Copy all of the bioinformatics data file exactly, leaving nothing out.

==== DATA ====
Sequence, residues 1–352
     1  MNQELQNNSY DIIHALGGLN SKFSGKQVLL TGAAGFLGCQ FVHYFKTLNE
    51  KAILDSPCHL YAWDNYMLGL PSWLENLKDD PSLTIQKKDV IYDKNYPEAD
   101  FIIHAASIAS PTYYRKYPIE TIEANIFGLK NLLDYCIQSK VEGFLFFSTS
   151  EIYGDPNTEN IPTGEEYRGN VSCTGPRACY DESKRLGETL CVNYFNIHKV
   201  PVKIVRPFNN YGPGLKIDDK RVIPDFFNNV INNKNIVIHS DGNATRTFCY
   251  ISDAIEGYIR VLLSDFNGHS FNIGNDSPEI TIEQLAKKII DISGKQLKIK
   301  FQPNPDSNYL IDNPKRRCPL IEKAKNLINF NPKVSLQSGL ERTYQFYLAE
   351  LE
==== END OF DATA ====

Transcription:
Sequence, residues 1–352
     1  MNQELQNNSY DIIHALGGLN SKFSGKQVLL TGAAGFLGCQ FVHYFKTLNE
    51  KAILDSPCHL YAWDNYMLGL PSWLENLKDD PSLTIQKKDV IYDKNYPEAD
   101  FIIHAASIAS PTYYRKYPIE TIEANIFGLK NLLDYCIQSK VEGFLFFSTS
   151  EIYGDPNTEN IPTGEEYRGN VSCTGPRACY DESKRLGETL CVNYFNIHKV
   201  PVKIVRPFNN YGPGLKIDDK RVIPDFFNNV INNKNIVIHS DGNATRTFCY
   251  ISDAIEGYIR VLLSDFNGHS FNIGNDSPEI TIEQLAKKII DISGKQLKIK
   301  FQPNPDSNYL IDNPKRRCPL IEKAKNLINF NPKVSLQSGL ERTYQFYLAE
   351  LE